Invitation to Fly - Shabazi Circus
Kibbutz Ein Shemer, Israel.
2012 and ongoing
A flying trapeze artist creates spectacular acrobatics; muscles tensed in effort hidden from the eye of the beholder, tension that is the essence of the perception of circus art and that which I try to capture with my camera.
Shabazi Circus is the story of women who represent its pulsating core. The story of initiative; power and feminine creativity. The story of a wondrous place where everyone is welcome to fly.
In 2012, through my place of work I was given the opportunity to meet with Ronnie Calev, co-founder and director of Shabazi Circus. This meeting opened a door for me to a wonderful and challenging world of photography which has become one of my favorite projects. Since then I have photographed the circus at various times. Sometimes these are end of year shows and training sessions of children who learn at the circus school, often they are rehearsals before performances of students in the academic program or performances of Israel's leading circus artists (and some from around the world).
One of the strongest and most prominent features of the Shabazi circus is the feminine presence. Beyond the fact that it is run by two women, the circus team consists mainly of female teachers and of the students themselves women and girls are an absolute majority. Of course there are boys and men, and the door is open to everyone, but there is no doubt that the uniqueness of the place is the power of women that is present and motivating.
Most interesting to me as a photographer is to catch in a photo shot the dramatic tension in the life of a circus performer. The training, sweating, difficulty, immense physical effort, pain, uncompromising quest for perfection, and taking the body and its abilities to the limit. Catching the moment when all these reach their peak during a performance, training session or rehearsal. I seek to document the astounding beauty but also, and perhaps especially, the tension between the enormous effort and the seeming ease which is in my eyes the distilled essence of the art of the circus.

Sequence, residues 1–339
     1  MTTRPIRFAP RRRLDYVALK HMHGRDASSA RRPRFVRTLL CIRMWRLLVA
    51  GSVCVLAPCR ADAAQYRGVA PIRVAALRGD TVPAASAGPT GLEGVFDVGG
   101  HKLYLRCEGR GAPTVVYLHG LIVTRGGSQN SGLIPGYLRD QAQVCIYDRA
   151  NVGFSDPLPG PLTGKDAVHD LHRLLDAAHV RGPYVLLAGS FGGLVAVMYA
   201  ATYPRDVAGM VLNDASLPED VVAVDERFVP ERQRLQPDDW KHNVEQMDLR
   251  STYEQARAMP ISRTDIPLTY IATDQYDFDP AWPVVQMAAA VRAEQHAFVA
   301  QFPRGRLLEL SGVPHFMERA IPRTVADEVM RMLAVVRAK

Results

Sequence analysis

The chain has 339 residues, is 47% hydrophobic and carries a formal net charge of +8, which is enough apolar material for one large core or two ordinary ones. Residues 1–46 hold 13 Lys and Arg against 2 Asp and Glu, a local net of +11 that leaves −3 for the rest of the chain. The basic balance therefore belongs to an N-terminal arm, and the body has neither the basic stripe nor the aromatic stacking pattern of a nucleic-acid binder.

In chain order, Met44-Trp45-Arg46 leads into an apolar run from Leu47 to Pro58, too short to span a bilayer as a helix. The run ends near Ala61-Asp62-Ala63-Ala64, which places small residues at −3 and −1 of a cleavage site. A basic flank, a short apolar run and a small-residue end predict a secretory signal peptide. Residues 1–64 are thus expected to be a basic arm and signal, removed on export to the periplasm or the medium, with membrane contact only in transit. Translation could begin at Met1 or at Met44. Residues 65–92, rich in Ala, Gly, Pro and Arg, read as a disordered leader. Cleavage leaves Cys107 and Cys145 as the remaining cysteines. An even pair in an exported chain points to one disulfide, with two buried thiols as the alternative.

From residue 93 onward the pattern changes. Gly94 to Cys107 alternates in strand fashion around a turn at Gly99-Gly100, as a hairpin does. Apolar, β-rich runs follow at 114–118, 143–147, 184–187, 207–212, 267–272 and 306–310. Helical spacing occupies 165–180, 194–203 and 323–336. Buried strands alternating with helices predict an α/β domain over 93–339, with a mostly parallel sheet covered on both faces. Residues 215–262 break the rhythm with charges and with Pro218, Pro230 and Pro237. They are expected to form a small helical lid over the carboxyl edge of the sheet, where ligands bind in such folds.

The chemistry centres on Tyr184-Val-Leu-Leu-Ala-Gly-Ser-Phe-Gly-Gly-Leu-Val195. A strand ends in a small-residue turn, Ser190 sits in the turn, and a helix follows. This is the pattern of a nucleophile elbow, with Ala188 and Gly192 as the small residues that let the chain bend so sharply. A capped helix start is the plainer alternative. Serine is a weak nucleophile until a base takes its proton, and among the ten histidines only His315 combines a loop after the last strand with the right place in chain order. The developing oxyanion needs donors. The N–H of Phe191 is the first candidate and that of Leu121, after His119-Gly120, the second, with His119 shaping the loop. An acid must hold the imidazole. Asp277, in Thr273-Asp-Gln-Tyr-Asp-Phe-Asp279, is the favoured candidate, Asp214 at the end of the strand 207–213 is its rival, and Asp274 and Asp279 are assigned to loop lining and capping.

The circus is a challenging place to photograph. A round arena; a subject that is constantly in motion at varying heights and problematic lighting. When photographing during the day, the canvas of the circus tent lends a flat yellow light, with no play of light and shadow, as opposed to shooting at night during a performance with stage lighting and in almost complete darkness. The lighting in the circus is a major reason for my choice many times to photograph the circus in black and white, which gives me a clearer contrast and enables the creation of photographic drama. However, this is not always the case and when appropriate and suitable or for a particular series I do shoot in color.
The Shabazi circus acts in Kibbutz Ein Shemer in Israel as a regional hub for artists and contemporary physical circus arts. The circus school at this location has 230 students from age 5 and up, after-school activities and an academic training program for teachers and circus artists.
These works are just a taste from a much bigger story of a wondrous place where everyone is invited to fly.
Heartfelt thanks to dear friends Ronnie Caleb and Ronnie Shalev, the circus managers and to all the children and circus performers photographed and continuing to be photographed by my camera.